This research yielded information from nearly all of the pre-dialysis nurses working in NZ and it enabled a comprehensive picture of the role of this specialist group. A particular feature of the research was the insider status of the interviewer (first author), a pre-dialysis nurse with a particular interest in and passion for the work of this group. The concept of insider research is not uncommon in qualitative research (Hewitt- Taylor, 2002; Bonner & Tolhurst, 2002) however, being an insider does pose a number of issues because of relationships with participants in regard to ensuring confidentiality and objectivity. These risks can and were minimised. Raw data and themes were cross checked independently by the other authors to ensure credibility (Schneider et al., 2007). There are, nevertheless, benefits of insider research in providing rich and depth of information (HewittTaylor, 2002; Bonner &Tolhurst, 2002).
A possible limitation of the study was that almost all pre-dialysis nurses work in the North Island of NZ where the majority of the population reside and this is reflected in the participant group. It is therefore important that the findings are acknowledged as more indicative of the North Island. However, it might be useful for other centres where pre-dialysis services are not yet in place to use the research findings to help them plan and implement services.
In response to a broad invitation to describe their role, participants discussed their experiences and practices thus enabling an analysis of key components of the pre-dialysis nurse role. Participants described the pathway of care which they engaged in with patients as beginning with a home visit with a holistic nursing assessment. Patient education and support, the prevention of complications and ensuring effective inter professional relationships for the benefit of patients were other key components of their role. In addition, the nurses discussed that they had largely had to define their own roles as there was little in the way of role definitions or guidelines.
The majority of role components described here are consistent with those reported by Anand and Nissenson (2002) who saw the specialist nurse's role as the key success factor in disease management programs. They discussed in detail the role of the experienced renal nurse, who co-ordinated the care of 80 -100 patients in close collaboration with a nephrologist and the multi-disciplinary renal care team. The nurse ensured that the prescribed care was delivered; kept in close contact with the patient with telephone calls, home and clinic visits; and encouraged compliance by educating patients about medications, side effects, harmful co morbidities and consequences of non-compliance. In addition, another primary goal of the nurse was to be the key facilitator of other referrals ensuring the system was not fragmented.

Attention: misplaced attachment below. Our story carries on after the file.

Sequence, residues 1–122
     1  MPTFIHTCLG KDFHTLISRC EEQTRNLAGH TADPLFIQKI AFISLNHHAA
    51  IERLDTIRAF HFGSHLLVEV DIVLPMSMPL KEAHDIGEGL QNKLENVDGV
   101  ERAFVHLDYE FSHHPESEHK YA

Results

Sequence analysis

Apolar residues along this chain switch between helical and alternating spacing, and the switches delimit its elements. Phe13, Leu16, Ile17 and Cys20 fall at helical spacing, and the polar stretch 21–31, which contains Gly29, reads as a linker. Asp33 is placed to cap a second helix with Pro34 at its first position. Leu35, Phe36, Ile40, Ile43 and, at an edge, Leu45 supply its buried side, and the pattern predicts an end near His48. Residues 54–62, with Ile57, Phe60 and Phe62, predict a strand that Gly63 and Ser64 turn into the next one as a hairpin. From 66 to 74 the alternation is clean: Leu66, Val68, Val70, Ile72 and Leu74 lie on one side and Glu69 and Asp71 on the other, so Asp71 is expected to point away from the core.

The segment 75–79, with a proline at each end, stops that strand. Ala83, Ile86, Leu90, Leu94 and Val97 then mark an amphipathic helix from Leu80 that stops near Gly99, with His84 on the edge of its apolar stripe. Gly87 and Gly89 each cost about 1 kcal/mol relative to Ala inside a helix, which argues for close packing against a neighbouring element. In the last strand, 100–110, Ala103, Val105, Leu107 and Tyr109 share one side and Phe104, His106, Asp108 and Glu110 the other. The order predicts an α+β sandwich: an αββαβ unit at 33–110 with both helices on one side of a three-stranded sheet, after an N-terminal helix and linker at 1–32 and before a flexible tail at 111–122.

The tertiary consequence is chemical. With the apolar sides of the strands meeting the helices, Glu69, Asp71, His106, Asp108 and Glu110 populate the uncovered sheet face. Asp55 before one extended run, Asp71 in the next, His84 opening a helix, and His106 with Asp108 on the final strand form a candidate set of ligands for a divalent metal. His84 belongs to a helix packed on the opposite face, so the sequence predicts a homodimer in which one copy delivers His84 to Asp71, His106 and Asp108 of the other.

"While a number of studies indicate that patient education is effective in improving outcomes for the patient and the service (Devins et al., 2003; Devins et al., 2005; White, et. al., 2002), there is limited literature about what the education should involve and the best way to deliver it. The lack of guidelines regarding education was reflected in comments made by participants in this research and consequently the amount and content of education patients received appeared to vary according to each participant.
Variations amongst participants were evident in other areas as well. These included the number of patients which constituted a case load, the number of visits/contacts each patient received, the length of follow-up times and whether patients were in fact followed up or just received one education session with the nurse. In the latter situation participants discussed their frustration and concerns about having to condense such important and vast information into one session.
The place and importance of prevé ntative care in the role of pre-dialysis nurses requires ongoing discussion. "With the increasing burden of CKD it is more than timely to effect change in this trend through wise use of preventative strategies. Participants considered this important but many expressed their frustration with issues such as lack of time, support or autonomy, which inhibited their ability to focus on this area (Walker 2009) . After reviewing studies to identify the nurses' role in improved care for patients with CKD, Compton, et al (2002) suggested that the role should consist of not only educating patients and their families about kidney disease, symptoms and treatment but also monitoring laboratory results and medications to ensure the timely treatment of complications such as anaemia, hypertension, glycaemic control, renal bone disease, acidosis and deteriorating kidney function. Levin and Stevens (2005) also suggested that business cases had clearly identified that it was cost effective to slow the progression of CKD by using preventative strategies. Preserving renal function and prevention of progression Stage 5 CKD has also been identified as one of the essential goals of nephrology care (International Society of Nephrology, 2006; National Kidney Foundation, 2002).